The Comprehensive LaTeX Symbol List

If you find yourself wondering how to create your chosen transliteration style and can’t find the right character input, this will make happy reading:

The Comprehensive LaTeX Symbol List by Scott Pakin (4.3Mb PDF)

Common Transliteration Symbols in LaTeX

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At 152 pages, the comprehensive symbol list is a bit unwieldy.

As a quick reference, I’ve made a one-page table of the most commonly used transliteration symbols for dealing with French, German, Spanish and transliterated Arabic – along with some examples.

You can download it from here:

Common Transliteration Symbols in LaTeX (61Kb PDF)

Semtrans Package

For people working with Semitic languages, the Semtrans package can be useful.

I found this after weeks searching for how to represent the Arabic letter kha’ in the style commonly used in German scholarship (a letter ‘h’ with a little u underneath). You get this by typing \U{h}. See page 14 of the comprehensive symbol list. `Ayn is \Ayn.

N.B. When using the command \U{h} in a section heading, you need to add \protect beforehand, so the command becomes \protect\U{h}. Otherwise, you will get error messages and the symbol won’t display. Thanks to Berteun for this tip. I haven’t found any difficulties with the \Ayn command.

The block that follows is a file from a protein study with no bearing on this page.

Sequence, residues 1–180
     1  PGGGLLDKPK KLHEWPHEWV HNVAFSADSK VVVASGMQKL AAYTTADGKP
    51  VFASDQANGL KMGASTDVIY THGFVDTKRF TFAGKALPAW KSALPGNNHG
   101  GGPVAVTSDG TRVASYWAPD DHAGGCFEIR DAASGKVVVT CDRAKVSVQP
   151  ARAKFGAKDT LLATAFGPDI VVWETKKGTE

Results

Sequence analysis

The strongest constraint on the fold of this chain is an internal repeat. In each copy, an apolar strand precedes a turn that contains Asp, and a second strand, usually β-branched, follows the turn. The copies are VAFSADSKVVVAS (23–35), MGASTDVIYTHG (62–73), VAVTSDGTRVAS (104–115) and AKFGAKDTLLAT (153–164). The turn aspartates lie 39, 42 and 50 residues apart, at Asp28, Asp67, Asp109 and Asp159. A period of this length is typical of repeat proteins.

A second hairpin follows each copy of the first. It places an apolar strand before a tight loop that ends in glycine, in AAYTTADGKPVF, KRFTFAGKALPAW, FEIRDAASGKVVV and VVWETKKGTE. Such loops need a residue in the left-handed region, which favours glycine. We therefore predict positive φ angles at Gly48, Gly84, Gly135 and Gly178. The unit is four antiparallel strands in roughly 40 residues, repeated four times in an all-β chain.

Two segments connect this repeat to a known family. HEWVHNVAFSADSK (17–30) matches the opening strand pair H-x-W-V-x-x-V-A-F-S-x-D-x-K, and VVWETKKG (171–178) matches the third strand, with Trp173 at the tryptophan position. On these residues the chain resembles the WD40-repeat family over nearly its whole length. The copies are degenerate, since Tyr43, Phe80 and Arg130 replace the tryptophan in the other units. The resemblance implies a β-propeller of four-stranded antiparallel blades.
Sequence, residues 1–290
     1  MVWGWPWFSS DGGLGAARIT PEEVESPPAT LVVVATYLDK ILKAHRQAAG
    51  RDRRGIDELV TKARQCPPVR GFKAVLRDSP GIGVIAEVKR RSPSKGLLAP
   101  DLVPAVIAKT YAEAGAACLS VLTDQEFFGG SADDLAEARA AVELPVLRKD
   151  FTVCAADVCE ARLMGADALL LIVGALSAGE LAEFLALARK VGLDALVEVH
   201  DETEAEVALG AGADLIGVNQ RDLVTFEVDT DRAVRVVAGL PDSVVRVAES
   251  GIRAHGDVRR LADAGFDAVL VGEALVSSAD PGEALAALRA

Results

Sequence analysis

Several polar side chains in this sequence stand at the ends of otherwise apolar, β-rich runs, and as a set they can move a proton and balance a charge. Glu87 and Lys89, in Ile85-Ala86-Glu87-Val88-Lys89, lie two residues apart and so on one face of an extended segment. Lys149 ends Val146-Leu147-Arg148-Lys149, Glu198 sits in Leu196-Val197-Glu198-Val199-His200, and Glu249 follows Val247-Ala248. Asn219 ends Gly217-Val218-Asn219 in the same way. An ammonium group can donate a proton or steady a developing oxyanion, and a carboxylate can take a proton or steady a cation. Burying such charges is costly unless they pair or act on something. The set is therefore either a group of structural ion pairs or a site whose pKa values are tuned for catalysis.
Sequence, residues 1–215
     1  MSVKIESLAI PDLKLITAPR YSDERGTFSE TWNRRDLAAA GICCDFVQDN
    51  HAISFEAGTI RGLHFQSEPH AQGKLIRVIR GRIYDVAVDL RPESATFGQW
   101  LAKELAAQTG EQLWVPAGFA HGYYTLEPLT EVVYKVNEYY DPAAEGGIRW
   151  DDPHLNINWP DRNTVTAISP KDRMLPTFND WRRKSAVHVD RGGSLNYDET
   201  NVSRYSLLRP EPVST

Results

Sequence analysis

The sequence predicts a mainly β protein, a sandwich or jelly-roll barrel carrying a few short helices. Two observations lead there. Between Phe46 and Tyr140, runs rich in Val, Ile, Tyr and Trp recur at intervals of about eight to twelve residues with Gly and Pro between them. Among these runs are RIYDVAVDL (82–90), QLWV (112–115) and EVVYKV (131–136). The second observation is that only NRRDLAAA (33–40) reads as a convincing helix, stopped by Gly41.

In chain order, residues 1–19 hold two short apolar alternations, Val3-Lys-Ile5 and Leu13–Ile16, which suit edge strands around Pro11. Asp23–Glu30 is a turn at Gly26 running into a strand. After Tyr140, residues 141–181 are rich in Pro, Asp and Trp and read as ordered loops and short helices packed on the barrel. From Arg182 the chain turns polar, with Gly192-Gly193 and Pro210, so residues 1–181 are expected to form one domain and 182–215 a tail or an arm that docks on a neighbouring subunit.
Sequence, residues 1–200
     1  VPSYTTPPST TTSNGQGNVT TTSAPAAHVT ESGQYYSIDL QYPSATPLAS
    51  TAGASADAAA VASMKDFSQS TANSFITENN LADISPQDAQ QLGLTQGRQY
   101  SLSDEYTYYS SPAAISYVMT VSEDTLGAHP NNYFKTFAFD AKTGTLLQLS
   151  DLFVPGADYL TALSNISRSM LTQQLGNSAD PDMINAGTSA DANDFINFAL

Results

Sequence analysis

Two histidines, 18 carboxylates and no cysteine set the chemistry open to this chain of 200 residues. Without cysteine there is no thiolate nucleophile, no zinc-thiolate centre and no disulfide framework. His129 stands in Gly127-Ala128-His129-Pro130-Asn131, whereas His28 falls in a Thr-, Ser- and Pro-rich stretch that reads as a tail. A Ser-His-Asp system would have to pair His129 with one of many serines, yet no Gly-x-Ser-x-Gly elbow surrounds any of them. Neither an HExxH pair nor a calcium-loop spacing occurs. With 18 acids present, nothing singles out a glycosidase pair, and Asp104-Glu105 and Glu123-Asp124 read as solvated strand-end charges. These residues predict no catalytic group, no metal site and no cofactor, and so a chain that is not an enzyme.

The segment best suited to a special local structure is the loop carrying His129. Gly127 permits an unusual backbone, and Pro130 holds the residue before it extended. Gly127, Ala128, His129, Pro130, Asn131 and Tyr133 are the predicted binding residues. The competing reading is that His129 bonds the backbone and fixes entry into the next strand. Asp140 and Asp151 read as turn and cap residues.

3 thoughts on “Symbols”

  1. Hi,

    I stumbled upon your website by accident, and saw your post about the problem with the \U{h} command in headings. I have never used the semtrans package, but I think that the problem most likely is that this command is ‘fragile’. If this is the case, you could solve it by:

    \section{Section with some symbol: \protect\U{h} in it}

    If you have these problems a lot, you could also take a look at the MakeRobust package, and read the entry in the TeX FAQ:

    Good luck,


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